A new theory claims to have solved five of the biggest problems in physics all at once.
The theory was developed by a group of French physicists at the University of Paris-Saclay, and it introduces a few new particles in an attempt to unify multiple different theories to solve five of the biggest problems in physics: dark matter, cosmic inflation, the strong CP problem, neutrino oscillations, and baryogenesis. All of these problems in our current physics model are in some way related to the mysteries of quantum mechanics.
The theory, dubbed SMASH, expands the Standard Model of physics. The Standard Model is the catalog of every type particle that physicists know about. Included in the model are quarks (the building blocks of protons and neutrons), electrons and neutrinos, and a number of more exotic particles like the Higgs boson. All together, there are seventeen different types of particles in the Standard Model.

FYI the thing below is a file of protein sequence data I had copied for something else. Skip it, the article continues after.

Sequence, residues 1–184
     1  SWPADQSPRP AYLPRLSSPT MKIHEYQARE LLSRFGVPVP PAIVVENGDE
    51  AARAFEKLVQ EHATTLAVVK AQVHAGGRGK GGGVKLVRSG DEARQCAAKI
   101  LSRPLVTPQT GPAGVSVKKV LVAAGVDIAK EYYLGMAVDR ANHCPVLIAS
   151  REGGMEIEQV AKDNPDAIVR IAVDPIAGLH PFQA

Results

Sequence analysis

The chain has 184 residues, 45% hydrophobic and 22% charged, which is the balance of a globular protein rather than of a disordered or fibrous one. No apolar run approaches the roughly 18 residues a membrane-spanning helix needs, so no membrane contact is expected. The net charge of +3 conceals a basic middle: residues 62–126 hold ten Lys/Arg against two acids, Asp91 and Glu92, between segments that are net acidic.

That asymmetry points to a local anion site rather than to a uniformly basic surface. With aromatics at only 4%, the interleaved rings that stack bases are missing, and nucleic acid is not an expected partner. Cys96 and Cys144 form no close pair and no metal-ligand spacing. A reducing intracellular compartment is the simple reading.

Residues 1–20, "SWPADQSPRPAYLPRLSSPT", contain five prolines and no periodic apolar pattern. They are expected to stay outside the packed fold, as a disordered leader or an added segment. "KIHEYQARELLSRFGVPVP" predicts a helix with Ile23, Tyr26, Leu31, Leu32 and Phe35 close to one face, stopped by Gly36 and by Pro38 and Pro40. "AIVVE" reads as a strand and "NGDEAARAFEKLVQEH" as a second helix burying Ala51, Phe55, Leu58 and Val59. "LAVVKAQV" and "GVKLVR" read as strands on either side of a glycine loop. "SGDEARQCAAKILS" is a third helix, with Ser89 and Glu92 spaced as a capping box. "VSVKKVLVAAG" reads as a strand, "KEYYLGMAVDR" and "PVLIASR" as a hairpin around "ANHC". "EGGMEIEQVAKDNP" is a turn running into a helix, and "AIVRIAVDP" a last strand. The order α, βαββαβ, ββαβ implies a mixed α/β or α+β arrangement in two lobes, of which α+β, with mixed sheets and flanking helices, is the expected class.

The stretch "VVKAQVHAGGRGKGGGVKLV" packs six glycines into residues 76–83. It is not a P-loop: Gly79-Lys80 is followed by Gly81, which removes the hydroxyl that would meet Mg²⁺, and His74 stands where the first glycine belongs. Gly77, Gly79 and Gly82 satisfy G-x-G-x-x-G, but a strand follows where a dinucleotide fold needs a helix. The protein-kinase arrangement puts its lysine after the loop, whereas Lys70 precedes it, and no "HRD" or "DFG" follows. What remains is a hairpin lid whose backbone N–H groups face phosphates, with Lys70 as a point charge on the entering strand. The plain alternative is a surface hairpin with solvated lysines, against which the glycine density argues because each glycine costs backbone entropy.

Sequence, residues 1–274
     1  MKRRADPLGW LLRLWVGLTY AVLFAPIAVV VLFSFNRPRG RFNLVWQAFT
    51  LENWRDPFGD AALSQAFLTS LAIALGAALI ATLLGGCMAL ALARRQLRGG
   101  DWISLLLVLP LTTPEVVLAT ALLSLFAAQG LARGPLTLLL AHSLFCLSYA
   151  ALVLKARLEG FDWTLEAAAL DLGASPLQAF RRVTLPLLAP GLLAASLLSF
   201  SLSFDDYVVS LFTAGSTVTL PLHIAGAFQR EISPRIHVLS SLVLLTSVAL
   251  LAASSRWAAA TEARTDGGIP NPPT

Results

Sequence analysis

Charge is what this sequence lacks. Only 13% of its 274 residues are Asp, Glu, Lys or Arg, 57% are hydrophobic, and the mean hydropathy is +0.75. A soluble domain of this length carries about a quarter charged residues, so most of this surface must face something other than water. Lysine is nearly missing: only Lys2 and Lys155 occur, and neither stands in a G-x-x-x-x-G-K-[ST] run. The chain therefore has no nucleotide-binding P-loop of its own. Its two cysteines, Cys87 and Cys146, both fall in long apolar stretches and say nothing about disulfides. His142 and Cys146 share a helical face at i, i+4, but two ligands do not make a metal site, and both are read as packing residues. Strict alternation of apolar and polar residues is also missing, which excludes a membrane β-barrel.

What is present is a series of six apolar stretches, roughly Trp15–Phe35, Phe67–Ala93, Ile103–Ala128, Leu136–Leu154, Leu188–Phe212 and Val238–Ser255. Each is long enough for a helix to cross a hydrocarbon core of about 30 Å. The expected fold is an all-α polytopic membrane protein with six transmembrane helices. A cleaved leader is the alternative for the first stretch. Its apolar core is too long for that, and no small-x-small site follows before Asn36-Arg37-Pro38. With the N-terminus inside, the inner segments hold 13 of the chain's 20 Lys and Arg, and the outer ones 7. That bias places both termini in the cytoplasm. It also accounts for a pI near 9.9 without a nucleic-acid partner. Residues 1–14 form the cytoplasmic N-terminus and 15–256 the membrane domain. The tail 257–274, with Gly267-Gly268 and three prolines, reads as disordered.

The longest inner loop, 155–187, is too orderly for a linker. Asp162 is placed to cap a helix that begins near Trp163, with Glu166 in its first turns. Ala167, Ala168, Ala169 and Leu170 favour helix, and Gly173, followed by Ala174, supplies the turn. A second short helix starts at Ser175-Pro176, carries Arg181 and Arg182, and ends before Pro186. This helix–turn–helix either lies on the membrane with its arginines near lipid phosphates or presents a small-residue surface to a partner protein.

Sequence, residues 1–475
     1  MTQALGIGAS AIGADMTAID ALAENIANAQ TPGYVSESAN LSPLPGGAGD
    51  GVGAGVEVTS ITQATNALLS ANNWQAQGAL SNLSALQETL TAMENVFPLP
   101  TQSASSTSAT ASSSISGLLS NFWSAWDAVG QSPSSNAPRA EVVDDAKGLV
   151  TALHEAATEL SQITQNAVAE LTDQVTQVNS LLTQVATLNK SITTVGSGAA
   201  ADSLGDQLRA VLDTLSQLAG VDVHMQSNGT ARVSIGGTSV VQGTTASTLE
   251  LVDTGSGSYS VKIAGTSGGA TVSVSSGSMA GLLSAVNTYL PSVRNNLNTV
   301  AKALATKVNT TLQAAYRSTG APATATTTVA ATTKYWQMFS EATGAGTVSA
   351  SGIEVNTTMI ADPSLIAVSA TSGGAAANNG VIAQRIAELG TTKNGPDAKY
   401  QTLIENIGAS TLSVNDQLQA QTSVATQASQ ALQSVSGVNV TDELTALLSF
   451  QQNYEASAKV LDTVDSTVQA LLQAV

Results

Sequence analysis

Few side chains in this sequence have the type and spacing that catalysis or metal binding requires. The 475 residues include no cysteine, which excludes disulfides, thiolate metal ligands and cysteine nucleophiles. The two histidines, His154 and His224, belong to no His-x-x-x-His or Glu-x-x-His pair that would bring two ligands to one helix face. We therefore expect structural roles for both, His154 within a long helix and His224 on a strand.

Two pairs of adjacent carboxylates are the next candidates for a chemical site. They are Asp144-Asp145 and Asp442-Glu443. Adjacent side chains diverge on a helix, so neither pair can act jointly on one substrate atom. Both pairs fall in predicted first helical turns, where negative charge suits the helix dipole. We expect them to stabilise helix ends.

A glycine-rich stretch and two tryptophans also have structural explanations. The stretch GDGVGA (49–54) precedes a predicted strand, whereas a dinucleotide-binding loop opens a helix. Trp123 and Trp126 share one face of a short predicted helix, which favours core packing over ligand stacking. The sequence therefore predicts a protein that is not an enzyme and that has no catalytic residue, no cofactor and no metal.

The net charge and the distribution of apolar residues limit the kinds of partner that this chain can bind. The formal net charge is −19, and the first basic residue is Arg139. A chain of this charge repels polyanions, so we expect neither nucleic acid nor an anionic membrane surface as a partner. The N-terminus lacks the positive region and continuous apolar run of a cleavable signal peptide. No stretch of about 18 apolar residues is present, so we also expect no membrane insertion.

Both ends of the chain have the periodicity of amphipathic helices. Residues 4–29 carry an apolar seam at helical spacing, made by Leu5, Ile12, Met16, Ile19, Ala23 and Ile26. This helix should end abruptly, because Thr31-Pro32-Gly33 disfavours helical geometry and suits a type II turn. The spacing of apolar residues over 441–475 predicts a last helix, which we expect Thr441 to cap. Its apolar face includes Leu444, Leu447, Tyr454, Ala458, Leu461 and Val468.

However, there are some problems in physics that the Standard Model can't solve. One of the biggest is the existence of dark matter. Dark matter is a mysterious form of matter that we can't see, but accounts for nearly all the calculated mass in the Universe. Physicists have long suspected that dark matter may be one of the more exotic particles from the Standard Model, but so far none of those particles seems a likely candidate.
Other physicists have proposed additions to the Standard Model, adding more hypothetical particles, but most of those changes to the model introduce hundreds of new particles that we can't detect. The SMASH theory, on the other hand, only adds six.
These six theoretical particles are three different kinds of neutrino, plus a fermion and two more called the axion and the inflaton. The axion is the proposed candidate for dark matter. The other particles solve many other current problems in physics, such as strange neutrino behavior, cosmic inflation, and the origin of all matter in the universe.
The best part is that this new theory can be tested relatively soon. Parts of this theory can be tested by the next generation of particle accelerators and telescopes that are due to come online in the next few years, possibly revealing the existence of these new, theoretical particles.
We may not have long to wait before many of the universe's mysteries become less mysterious.
This post was written by Usman Abrar. To contact the writer write to email@example.com. Follow on Facebook